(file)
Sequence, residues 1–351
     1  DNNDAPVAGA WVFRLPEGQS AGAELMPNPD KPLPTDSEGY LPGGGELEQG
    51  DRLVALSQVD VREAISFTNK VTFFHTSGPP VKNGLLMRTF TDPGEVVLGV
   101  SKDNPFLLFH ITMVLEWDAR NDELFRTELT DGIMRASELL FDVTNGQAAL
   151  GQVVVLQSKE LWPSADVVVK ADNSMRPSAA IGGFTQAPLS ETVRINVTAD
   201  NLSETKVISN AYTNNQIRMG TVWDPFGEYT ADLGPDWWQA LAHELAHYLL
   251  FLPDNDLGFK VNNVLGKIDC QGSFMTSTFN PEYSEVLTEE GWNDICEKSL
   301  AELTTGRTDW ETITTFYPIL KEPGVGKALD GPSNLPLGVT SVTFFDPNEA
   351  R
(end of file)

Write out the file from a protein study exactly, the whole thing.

Sequence, residues 1–351
     1  DNNDAPVAGA WVFRLPEGQS AGAELMPNPD KPLPTDSEGY LPGGGELEQG
    51  DRLVALSQVD VREAISFTNK VTFFHTSGPP VKNGLLMRTF TDPGEVVLGV
   101  SKDNPFLLFH ITMVLEWDAR NDELFRTELT DGIMRASELL FDVTNGQAAL
   151  GQVVVLQSKE LWPSADVVVK ADNSMRPSAA IGGFTQAPLS ETVRINVTAD
   201  NLSETKVISN AYTNNQIRMG TVWDPFGEYT ADLGPDWWQA LAHELAHYLL
   251  FLPDNDLGFK VNNVLGKIDC QGSFMTSTFN PEYSEVLTEE GWNDICEKSL
   301  AELTTGRTDW ETITTFYPIL KEPGVGKALD GPSNLPLGVT SVTFFDPNEA
   351  R